“How’d it go? Any tips?”
“Complete nightmare! They even opened my desk drawers!”
Not the news I’d hoped for when quizzing Miss Honey on her Ofsted inspection. Something along the lines of ‘a complete breeze’ would have been more reassuring.
So it was that the day before my first Ofsted, I was Dymo-taping labels for the tobacco tins in which I kept my stationery in the fear of a report saying “Yes, all the class can read but by ‘eck, you can’t lay your hands on a treasury tag for love nor money.”
Perhaps I hoped that having an organised desk drawer indicated a competent sort of cove who needed no further inspection. Or perhaps I had by that stage completely lost my marbles. We had been preparing for this inspection for so long that I had abandoned all sense of perspective. Life at home had become a pressure cooker where the simplest request was met by me howling “I can’t wash up … don’t you understand that I’ve got an Ofsted inspection in two weeks.”
I am of course talking pre-history here. For the benefit of those among you who know Bob Geldolf for his paternity rather than his philanthropy, perhaps I should explain that Dymo-tape was a kind of sticky plastic label that you could punch words onto; a pressure cooker was a sort of sealed saucepan affair that sped up the cooking of food before the gift of microwaves and a tobacco tin … oh, for goodness sake, look it up on Wikipedia would you. I’m busy.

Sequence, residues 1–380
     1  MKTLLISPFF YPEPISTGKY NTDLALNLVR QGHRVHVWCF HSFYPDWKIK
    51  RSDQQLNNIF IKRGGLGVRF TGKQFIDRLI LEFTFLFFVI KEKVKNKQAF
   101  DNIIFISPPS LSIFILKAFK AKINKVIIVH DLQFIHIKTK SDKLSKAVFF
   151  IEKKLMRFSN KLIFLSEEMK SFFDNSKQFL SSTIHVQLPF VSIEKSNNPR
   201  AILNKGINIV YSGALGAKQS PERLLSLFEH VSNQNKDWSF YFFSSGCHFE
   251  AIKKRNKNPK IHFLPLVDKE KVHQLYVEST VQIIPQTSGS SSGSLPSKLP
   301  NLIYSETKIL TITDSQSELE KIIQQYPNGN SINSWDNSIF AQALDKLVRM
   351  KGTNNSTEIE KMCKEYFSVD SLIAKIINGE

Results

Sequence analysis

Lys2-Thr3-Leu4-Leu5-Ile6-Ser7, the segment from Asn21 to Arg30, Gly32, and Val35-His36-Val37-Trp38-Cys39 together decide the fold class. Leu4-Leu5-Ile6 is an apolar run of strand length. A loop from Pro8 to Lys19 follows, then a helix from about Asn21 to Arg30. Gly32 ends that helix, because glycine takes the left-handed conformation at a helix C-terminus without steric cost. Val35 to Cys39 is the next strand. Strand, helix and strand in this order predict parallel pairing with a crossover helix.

And of course, in those days we had notice of inspections. Now, you barely have time to stow away George and Sidney in the shed before the inquisitors arrive.
We are currently trying to prepare our house to go on the market. The estate agent will be coming round next week with his Box Brownie. In the meantime, we have 26 years’ worth of assorted detritus to herd into something photogenic and a gillion assorted decorating jobs which we hadn’t quite got around to doing. I know you are familiar with the state of our skirting boards.
DearHeart moved not so long ago and has texted words of wisdom. We are to make the house look as big as possible by decluttering. We need kerb appeal. Everything must be clean, tidy and fresh. We need to depersonalise so that a prospective buyer could imagine themselves living here. We are to make a good first impression. All good sensible advice with the Phil and Kirsty seal of approval.
We’ve been at it for nearly a week already and so far have whipped the kitchen into shape. Still got the rest of the house to do. I can feel my sense of perspective tiptoeing out the cat flap as I add something else to the burgeoning to-do list. I’m finding it hard to prioritise. Should I put the DVDs in their cases or sort out the withered house plants? Tidy the bookcases or go and buy herbs for the kitchen windowsill? And where is a Dymo-machine when you need one?